By Emil Danielyan
The Organization for Security and Cooperation in Europe effectively completed its two-month vote monitoring in Armenia on Friday after releasing a fresh report that raised more questions about the freedom and fairness of the May 12 parliamentary elections.
The content of the post-election interim report issued by the OSCE’s observer mission in Yerevan contrasted with its earlier, overwhelmingly positive assessment of the Armenian authorities’ handling of the vote. It emphasized and elaborated on Western election observers’ preliminary conclusion that counting of ballots in a large number of polling stations and their subsequent tabulation by district election commissions (TECs) was deeply flawed.
“During these last stages of the election process, the [OSCE mission] observed certain inconsistencies with established regulations and departures from best electoral practice which do not contribute to strengthening public confidence in the election process,” the report said. It said OSCE monitors found “discrepancies, some of them significant” between vote results reported by precinct commissions and the higher-level TECs.
The mission head, Boris Frlec, handed a copy of the report to Foreign Minister Vartan Oskanian at a meeting on Thursday. Few of the meeting’s details were reported by the Foreign Ministry’s press service. It quoted Frlec as saying that the vote was “on the whole” an improvement over the previous Armenian elections.
Oskanian was reported to have thanked the OSCE observers for their “objective” assessment of the election conduct. He also told Frlec that next year’s presidential election will be “another important step in strengthening democracy in Armenia.”
In a serious boost to the Armenian government’s international reputation, the preliminary report jointly released by nearly 400 observers representing the OSCE, the European Union and the Council of Europe on May 13 concluded that the elections largely met democratic standards. The OSCE mission’s follow-up report painted a less rosy picture.
“In 35 percent of the  polling stations where counting was observed, the PEC (precinct election commission) members had difficulties completing the results protocols,” it said, adding that many of those protocols were “filled out incompletely or incorrectly.”
The mission, deployed by the OSCE’s Warsaw-based Office of Democratic Institutions and Human Rights (ODIHR), said this contributed to “disorganization” at higher-level TECs that tabulated the results in their respective electoral districts. It said Western observers found the tabulation process to be “bad or very bad” in more than a third of Armenia’s 41 TECs. Fourteen of those commissions were observed making changes in the PEC vote protocols in violation of the Armenian Election Code, the mission added.
The code stipulates that the protocols must be delivered to the TECs in special bags sealed by precinct-level election officials. But according to the OSCE’s post-election report, in at least seven district commissions ballot bags were “unsealed, or had clearly been sealed and reopened.” In one of them, it said, observers “saw unsealed bags of ballot papers being taken downstairs to a campaign office of the [governing] Republican Party and then brought back up to the TEC premises sealed.”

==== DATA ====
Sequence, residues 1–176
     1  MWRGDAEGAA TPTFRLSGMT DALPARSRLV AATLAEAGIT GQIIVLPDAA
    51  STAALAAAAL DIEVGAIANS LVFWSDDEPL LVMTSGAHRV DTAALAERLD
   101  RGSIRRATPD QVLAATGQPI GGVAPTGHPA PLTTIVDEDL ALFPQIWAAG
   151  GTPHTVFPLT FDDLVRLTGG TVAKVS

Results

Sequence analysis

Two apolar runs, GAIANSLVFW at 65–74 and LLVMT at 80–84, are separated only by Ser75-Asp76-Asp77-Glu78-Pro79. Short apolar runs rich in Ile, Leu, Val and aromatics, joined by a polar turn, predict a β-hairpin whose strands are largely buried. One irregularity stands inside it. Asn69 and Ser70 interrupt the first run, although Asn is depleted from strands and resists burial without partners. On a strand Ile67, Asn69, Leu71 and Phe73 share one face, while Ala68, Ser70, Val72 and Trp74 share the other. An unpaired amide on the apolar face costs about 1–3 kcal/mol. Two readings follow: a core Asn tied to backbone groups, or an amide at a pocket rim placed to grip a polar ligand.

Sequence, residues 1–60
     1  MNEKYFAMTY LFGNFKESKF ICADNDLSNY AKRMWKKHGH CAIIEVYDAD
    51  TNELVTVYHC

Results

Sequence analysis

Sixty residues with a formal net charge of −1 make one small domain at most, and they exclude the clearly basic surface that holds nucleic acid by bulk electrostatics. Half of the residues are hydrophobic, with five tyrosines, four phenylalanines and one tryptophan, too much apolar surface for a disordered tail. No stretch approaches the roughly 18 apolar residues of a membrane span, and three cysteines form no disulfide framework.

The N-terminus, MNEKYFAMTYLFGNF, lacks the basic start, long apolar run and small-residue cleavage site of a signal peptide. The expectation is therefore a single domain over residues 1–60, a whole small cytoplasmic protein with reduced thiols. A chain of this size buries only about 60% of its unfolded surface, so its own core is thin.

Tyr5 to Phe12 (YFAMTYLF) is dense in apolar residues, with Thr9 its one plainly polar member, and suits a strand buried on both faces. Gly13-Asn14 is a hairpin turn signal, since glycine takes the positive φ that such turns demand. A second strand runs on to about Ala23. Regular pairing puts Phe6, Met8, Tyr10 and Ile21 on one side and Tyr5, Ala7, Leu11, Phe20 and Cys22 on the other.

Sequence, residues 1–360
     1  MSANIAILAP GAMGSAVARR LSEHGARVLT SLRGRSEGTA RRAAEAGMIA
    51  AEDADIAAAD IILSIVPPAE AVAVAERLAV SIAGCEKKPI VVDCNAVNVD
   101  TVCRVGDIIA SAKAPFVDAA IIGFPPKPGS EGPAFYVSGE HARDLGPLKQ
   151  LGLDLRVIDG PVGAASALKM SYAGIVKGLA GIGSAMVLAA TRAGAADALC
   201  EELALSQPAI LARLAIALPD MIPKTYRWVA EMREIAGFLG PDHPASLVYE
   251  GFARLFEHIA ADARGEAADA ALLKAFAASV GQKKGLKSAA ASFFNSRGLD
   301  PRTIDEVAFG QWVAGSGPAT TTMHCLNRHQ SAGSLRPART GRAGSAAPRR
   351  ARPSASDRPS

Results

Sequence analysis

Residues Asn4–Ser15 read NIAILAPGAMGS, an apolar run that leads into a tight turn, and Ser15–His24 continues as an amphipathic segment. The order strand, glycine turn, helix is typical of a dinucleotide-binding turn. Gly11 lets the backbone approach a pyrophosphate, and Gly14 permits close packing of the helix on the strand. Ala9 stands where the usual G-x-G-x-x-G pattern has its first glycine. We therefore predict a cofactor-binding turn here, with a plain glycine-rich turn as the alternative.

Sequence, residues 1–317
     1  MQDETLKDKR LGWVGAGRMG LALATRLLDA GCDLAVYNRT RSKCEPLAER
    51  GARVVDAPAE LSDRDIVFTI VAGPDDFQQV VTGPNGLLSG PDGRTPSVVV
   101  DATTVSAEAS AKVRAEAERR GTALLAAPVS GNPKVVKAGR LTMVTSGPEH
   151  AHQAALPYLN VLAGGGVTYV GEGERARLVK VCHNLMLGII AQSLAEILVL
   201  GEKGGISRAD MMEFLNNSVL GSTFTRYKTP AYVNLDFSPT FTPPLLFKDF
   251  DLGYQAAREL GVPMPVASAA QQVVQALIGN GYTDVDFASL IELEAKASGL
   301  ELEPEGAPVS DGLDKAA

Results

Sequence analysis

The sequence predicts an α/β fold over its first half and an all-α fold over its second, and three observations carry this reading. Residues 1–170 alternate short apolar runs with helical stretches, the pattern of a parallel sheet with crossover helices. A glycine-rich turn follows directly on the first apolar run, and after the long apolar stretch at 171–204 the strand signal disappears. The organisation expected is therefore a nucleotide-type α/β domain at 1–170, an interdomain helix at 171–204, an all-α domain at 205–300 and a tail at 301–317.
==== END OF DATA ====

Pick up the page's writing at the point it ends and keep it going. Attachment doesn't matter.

The official vote results, reaffirmed by the Central Election Commission (CEC) at the weekend, gave the Republican Party (HHK) a landslide victory in the polls. Armenia’s leading opposition parties have refused to recognize its legitimacy, alleging widespread voter intimidation, vote buying, and other irregularities. Prime Minister Serzh Sarkisian and other HHK leaders have strongly denied the allegations.
The OSCE mission also expressed serious concern at a major delay in the publication by the CEC of a precinct-by-precinct breakdown of election results in Yerevan, which is home to more than a third of the country’s population. Its report said the delay “cannot be explained by the slow rate of the counting and tabulation” and constitutes a “significant lapse in the promised transparency of recording election results.” The report did not specify whether these and other reported problems could have affected the overall election outcome.
The Armenian authorities seem worried about its possible impact on the OSCE’s final election verdict which is expected to be delivered by the end of next month. Prosecutor-General Aghvan Hovsepian promptly sent a letter to Frlec later on Thursday, asking him to provide “concrete information about those electoral precincts where the mentioned violations were recorded.” That information would enable Armenian prosecutors to investigate the reported fraud and “bring guilty individuals to account,” Hovsepian said in the letter posted on the website of the Prosecutor-General’s Office.
The CEC chairman, Garegin Azarian, also responded to the OSCE criticism in a separate letter sent to Frlec on Friday. Both the OSCE and the CEC refused to publicize it.
The OSCE mission, which has mainly consisted of long-term observers and other ODIHR experts since polling day, wrapped up its two-month activities in Armenia later in the day. A spokesman told RFE/RL that its members will continue to work on the text of their final election report at the ODIHR headquarters and in their respective countries.
(Photolur photo: Boris Frlec.)